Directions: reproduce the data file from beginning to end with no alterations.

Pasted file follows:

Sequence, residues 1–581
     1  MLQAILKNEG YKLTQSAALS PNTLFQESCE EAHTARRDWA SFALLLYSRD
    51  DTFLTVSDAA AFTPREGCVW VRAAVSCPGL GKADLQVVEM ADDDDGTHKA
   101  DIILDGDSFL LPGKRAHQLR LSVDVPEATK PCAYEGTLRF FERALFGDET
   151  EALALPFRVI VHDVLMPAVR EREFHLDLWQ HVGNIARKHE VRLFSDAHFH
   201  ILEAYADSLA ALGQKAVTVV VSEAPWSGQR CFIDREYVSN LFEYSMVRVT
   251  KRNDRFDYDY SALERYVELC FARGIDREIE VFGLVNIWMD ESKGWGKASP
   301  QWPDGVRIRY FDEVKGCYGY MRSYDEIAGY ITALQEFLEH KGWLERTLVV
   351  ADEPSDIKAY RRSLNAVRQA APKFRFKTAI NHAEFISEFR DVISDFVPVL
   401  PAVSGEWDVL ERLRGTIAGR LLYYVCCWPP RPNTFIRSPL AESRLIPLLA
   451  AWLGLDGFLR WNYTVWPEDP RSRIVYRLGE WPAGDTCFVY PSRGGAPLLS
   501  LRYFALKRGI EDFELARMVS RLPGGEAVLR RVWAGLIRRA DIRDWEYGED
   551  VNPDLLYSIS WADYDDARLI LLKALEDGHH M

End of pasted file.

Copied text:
Sequence, residues 1–581
     1  MLQAILKNEG YKLTQSAALS PNTLFQESCE EAHTARRDWA SFALLLYSRD
    51  DTFLTVSDAA AFTPREGCVW VRAAVSCPGL GKADLQVVEM ADDDDGTHKA
   101  DIILDGDSFL LPGKRAHQLR LSVDVPEATK PCAYEGTLRF FERALFGDET
   151  EALALPFRVI VHDVLMPAVR EREFHLDLWQ HVGNIARKHE VRLFSDAHFH
   201  ILEAYADSLA ALGQKAVTVV VSEAPWSGQR CFIDREYVSN LFEYSMVRVT
   251  KRNDRFDYDY SALERYVELC FARGIDREIE VFGLVNIWMD ESKGWGKASP
   301  QWPDGVRIRY FDEVKGCYGY MRSYDEIAGY ITALQEFLEH KGWLERTLVV
   351  ADEPSDIKAY RRSLNAVRQA APKFRFKTAI NHAEFISEFR DVISDFVPVL
   401  PAVSGEWDVL ERLRGTIAGR LLYYVCCWPP RPNTFIRSPL AESRLIPLLA
   451  AWLGLDGFLR WNYTVWPEDP RSRIVYRLGE WPAGDTCFVY PSRGGAPLLS
   501  LRYFALKRGI EDFELARMVS RLPGGEAVLR RVWAGLIRRA DIRDWEYGED
   551  VNPDLLYSIS WADYDDARLI LLKALEDGHH M